The Soyuz spacecraft carrying Russians Alexander Skvortsov and Oleg Artemyev and NASA's Steve Swanson blasted off successfully early Wednesday and was scheduled to dock six hours later. But because of the glitch, the arrival was pushed back until late Thursday.
Since the retirement of the U.S. space shuttle fleet in 2011, NASA has depended on the Russian spacecraft to ferry crews to the orbiting outpost and is paying Russia nearly $71 million per seat. This cooperation has continued despite tensions over Russia's annexation of Crimea and U.S. calls for harsher sanctions on Russia.
NASA Administrator Charles Bolden repeatedly has said that the conflict in Ukraine would have no effect on the U.S.-Russian partnership. As recently as Tuesday he reiterated on his blog that while NASA continues to cooperate successfully with Russia, it wants to get its own capacity to launch crews as quickly as possible. NASA is trying to speed up private American companies' efforts to launch crews into orbit, but it needs extra funding.
The Soyuz booster rocket lifted off as scheduled at 3:17 a.m. local time Wednesday (2117 GMT Tuesday) from the Russian-leased Baikonur cosmodrome in Kazakhstan. It entered a designated orbit about 10 minutes after the launch and was expected to reach the space station in six hours. All onboard systems were working flawlessly, and the crew was feeling fine.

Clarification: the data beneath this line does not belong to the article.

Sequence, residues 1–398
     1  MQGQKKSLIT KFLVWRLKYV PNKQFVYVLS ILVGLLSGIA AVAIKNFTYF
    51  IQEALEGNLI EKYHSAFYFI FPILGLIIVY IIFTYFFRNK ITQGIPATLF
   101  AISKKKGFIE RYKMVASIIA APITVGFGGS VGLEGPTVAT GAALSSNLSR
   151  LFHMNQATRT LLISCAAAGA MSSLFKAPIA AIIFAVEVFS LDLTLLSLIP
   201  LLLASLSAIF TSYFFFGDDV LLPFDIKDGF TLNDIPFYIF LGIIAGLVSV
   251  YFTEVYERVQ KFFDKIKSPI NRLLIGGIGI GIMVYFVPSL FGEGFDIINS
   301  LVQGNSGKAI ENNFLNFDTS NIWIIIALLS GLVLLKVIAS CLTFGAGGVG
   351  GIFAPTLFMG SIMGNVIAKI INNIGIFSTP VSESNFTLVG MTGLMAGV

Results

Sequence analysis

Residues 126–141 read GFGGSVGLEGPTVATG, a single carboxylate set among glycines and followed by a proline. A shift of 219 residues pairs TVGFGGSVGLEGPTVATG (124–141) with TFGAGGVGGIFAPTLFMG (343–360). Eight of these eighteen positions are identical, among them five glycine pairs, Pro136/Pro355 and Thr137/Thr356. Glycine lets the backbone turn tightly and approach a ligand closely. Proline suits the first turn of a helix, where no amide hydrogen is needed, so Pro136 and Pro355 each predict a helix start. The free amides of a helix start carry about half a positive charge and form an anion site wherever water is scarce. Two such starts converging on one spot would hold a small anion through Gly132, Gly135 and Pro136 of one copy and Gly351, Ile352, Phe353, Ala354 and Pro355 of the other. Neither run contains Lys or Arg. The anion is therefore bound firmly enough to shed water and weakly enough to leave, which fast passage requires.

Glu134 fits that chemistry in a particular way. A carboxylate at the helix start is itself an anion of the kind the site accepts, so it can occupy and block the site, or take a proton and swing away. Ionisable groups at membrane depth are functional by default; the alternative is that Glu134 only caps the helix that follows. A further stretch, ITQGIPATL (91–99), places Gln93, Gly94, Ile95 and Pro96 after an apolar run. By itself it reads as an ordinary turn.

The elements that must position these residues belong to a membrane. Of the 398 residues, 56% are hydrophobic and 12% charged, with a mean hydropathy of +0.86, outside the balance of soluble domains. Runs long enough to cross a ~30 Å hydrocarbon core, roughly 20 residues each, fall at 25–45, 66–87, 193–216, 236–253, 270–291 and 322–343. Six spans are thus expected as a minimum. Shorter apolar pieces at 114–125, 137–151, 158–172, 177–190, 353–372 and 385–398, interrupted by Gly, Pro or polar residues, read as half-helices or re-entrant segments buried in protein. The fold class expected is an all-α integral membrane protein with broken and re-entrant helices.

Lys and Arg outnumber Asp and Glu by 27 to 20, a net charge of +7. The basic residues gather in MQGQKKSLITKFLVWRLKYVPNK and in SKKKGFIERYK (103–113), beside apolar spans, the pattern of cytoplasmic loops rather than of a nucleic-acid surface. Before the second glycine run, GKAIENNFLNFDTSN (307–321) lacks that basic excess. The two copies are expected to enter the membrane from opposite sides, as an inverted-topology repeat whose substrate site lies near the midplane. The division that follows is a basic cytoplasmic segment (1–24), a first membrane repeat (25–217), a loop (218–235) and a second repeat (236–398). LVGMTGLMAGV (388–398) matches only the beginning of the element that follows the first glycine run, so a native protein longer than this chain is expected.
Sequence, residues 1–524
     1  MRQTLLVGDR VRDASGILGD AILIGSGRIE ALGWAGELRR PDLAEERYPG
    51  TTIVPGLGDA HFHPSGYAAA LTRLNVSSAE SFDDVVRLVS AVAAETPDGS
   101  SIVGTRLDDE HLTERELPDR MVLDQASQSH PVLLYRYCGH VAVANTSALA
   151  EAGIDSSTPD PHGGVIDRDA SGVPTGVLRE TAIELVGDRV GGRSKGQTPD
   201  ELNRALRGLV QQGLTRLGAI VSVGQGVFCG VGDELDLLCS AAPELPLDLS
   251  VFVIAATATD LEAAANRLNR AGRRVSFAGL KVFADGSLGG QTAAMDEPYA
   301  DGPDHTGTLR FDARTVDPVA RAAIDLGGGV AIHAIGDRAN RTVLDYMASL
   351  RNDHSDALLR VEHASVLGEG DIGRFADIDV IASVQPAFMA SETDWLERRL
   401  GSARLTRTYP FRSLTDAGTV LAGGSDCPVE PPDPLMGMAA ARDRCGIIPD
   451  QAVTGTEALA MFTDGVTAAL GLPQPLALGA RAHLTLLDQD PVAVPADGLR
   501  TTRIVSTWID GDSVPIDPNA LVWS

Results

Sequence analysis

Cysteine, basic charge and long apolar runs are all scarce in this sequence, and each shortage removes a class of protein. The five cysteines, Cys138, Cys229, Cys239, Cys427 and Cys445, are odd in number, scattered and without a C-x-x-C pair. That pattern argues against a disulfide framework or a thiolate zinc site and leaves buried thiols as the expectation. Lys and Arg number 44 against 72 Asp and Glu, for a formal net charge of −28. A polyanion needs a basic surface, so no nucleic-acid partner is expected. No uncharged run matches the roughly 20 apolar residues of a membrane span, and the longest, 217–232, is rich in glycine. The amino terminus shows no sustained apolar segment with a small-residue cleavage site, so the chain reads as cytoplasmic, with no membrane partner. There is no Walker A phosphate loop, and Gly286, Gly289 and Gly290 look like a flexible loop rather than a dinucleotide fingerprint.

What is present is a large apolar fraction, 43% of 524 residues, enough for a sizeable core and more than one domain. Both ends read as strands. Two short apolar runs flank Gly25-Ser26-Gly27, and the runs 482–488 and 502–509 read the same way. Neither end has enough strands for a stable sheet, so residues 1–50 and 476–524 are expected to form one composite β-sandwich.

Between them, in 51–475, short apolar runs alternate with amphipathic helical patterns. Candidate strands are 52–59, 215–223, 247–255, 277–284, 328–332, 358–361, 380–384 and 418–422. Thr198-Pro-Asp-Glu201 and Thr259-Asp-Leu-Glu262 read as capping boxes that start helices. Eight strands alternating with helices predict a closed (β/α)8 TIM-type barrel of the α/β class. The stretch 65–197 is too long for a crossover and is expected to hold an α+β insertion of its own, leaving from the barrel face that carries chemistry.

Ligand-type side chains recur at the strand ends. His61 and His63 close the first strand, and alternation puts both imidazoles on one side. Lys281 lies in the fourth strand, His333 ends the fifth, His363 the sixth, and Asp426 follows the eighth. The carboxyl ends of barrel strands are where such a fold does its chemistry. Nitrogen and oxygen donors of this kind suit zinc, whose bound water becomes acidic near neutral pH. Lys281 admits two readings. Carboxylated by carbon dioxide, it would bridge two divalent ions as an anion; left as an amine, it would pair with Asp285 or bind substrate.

NASA and Roscosmos, Russia's space agency, said shortly before the planned docking that the arrival had been delayed after a 24-second engine burn that was necessary to adjust the Soyuz spacecraft's orbiting path "did not occur as planned."
The crew is in no danger, but will have to wait until Thursday for the Soyuz TMA-12M to arrive and dock at the space station, NASA said. The arrival is now scheduled for 7:58 p.m. EDT (2358 GMT) Thursday.
Roscosmos chief Oleg Ostapenko said on Wednesday that the glitch occurred because of a failure of the ship's orientation system. The crew is in good spirits and they have taken off their space suits to prepare for the long flight, Ostapenko said in remarks carried by Russian news agencies.
The Russian official said the crew is now working to adjust the spacecraft to the correct orbit for the Thursday docking.
Until last year, Russian spacecraft used to routinely travel two days to reach the orbiting laboratory. Wednesday would have been only the fifth time that a crew would have taken the six-hour "fast-track" route to the station.